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Dining Reviews

Bread as Art

Bread as Art

From the ceiling of the little market and bakery hang piñatas of all shapes and sizes, but the bakery cases were practically empty at nine in the morning. We were quickly greeted by co-owner Jorge Hernandez who sent us into the kitchen where we selected eight just-baked pastries ($10.60) from the six-foot tall racks of colorful, sweet and savory breads in multitudinous shapes and sizes.

Although El Rosal has a huge selection, Hernandez said his bakery makes far fewer than the 500 or more varieties in Mexico's repertoire.

The Spaniards first brought wheat to the New World, and for a short time in the 1860s the French brought expert pâtissiers. Hernandez says that each of the Mayan tribes in the south and the Aztecs farther north added their own touch to these foreign influences, creating the wonderful diversity.

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Wine Reviews

Beauregard Vineyards

Beauregard VineyardsThe Lost Weekend–2009 California Red Blend

At Gourmet Grazing on the Green last month—the cancer benefit held annually in Aptos Village Park—one of the wineries pouring was Beauregard Vineyards. Ryan Beauregard and his wife Rachel are always ready to donate to the community, and they had brought along a selection of their fine wines that day.
One of their wines that caught my interest was a snappy little California red blend called The Lost Weekend—which could come true if one should happen to imbibe too much!
Very reasonably priced at $18, this new release of The Lost Weekend STB (Super Tuscan-style Blend) 2009 is a blend of 80 percent Sangiovese, 16 percent Cabernet Sauvignon and 4 percent Durif—and inspired by Beauregard’s admiration for the wines from Northern Italy.
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Dining Reviews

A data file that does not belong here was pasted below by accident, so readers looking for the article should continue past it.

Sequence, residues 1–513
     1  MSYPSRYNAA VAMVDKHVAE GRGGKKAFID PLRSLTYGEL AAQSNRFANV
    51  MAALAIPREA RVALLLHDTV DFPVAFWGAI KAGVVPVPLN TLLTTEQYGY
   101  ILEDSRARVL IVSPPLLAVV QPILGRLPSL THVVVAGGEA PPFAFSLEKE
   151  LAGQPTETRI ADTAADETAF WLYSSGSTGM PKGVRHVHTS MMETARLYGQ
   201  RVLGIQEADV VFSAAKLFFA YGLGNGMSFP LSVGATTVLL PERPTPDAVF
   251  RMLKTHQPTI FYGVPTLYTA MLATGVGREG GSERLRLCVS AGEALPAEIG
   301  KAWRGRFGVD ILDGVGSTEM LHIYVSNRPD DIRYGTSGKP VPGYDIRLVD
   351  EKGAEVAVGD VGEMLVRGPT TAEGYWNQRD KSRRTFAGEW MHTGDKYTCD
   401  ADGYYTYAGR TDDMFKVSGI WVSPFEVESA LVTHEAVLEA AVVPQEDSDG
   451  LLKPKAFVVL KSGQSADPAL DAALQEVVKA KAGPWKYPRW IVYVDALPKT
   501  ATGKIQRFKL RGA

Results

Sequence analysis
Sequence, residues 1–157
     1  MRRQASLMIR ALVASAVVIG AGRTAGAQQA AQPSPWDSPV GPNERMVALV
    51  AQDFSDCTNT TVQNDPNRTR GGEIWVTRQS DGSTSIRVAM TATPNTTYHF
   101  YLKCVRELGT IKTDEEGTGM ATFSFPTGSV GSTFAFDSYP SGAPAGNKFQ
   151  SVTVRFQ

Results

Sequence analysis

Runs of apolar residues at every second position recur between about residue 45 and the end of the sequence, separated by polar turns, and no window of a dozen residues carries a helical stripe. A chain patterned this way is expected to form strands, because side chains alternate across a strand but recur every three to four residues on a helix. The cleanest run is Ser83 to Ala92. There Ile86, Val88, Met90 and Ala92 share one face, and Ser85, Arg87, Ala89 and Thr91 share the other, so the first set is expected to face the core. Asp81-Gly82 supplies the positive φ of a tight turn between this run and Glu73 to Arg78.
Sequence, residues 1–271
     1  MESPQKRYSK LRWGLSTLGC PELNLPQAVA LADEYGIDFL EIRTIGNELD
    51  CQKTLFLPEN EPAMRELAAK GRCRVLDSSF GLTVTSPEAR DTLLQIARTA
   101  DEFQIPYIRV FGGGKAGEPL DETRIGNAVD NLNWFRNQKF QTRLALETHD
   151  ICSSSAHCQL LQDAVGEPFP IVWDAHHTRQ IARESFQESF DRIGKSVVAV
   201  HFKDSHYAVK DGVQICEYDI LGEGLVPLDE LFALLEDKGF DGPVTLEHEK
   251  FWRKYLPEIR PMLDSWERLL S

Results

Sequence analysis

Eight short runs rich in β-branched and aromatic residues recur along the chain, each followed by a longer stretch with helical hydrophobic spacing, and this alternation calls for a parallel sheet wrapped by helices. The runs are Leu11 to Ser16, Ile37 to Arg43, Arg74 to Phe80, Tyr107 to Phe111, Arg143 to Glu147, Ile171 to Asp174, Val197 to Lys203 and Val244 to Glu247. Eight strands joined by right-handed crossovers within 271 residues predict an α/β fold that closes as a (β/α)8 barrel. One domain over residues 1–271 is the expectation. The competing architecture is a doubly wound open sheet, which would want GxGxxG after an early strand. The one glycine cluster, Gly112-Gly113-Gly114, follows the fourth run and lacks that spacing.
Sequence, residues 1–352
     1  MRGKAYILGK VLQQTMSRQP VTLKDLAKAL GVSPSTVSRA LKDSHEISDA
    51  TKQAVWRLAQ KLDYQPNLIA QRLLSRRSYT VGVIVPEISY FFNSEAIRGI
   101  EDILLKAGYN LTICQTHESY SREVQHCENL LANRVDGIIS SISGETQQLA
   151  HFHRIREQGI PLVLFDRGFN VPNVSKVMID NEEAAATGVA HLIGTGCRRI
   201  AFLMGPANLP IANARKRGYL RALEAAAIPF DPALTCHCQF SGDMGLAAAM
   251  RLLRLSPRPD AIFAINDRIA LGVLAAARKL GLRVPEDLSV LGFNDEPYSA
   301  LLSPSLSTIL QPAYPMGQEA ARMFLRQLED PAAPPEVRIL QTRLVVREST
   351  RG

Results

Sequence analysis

Clean Slate

Clean Slate

Hoffman’s hands reigns over to Food Network for an extreme makeover

There was suspense and drama, frustration and anticipation, showmanship and emotion. Like Roger Craig at Albertson’s, Lance Armstrong on Beach Street, and James Durbin at Loudon Nelson, this was a Santa Cruz moment. Food Network was in town.

When I read about the filming of Restaurant Impossible at Hoffman’s, I called for reservations along with every other self-professed foodie in town. Upwards of fifty redials and no luck. I felt like the Queen of Sheba on Monday when an associate said there was a seat for me.

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Wine Reviews

Francis Ford Coppola Winery

Francis Ford Coppola Winery

Cabernet Sauvignon 2009


Zameen Mediterranean Cuisine is a casual, inexpensive dining spot in Aptos with a focus on Persian and Mediterranean food. It’s an ideal restaurant for seven women friends to have dinner where we can share a good laugh, and not-so-subdued conversation. And food is ordered over the counter so each can pay his own bill.

Zameen owner, Ed Watson, carries a few local wines, but plans to eventually stock a whole lot more. I order a bottle of Francis Coppola Cabernet Sauvignon 2009 ($21)—part of the Diamond Collection – with fruit from various California vineyards. A hearty Cab is just what’s needed to go with robust foods such as falafel, lamb wraps, Mediterranean meatballs and spiced chicken kebab.

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Santa Cruz Restaurant Week

A huge part of Santa Cruz Restaurant Week has always been about offering a great dining experience for an affordable price. For some locals, the $25 flat-rate cost has provided the opportunity (or the excuse!) to try new spots, and indulge in Santa Cruz fine dining in a way they might have thought too pricey before.

 

Scorpio Sun, New Moon Eclipse, Mercury Direct

The Sun enters Scorpio’s mysteries Thursday under a new moon and partial solar eclipse (something essential has come to an end, its purpose completed). In Scorpio we harbor secrets, are devoted to something deep, dark and hidden. Sometimes it’s ourselves. We can bring great suspect to our assessment of others. Scorpio is the scorpion, the serpent and the eagle—three levels of development. As the serpent we take shelter in our beliefs. Sometimes we bite (or sting). The eagle vanquishes old beliefs through its sharp intellect, soaring high in the air, seeking to understand through perspective. Understanding releases us from the bondage of fear. The eagle is like the mother soothing feelings of mistrust, offering protection. Knowledge does this, too.

 

The New Tech Nexus

Community leaders in science and technology unite to form web-based networking program

 

Light Humor

College comedy questions a post-racial America in ‘Dear White People’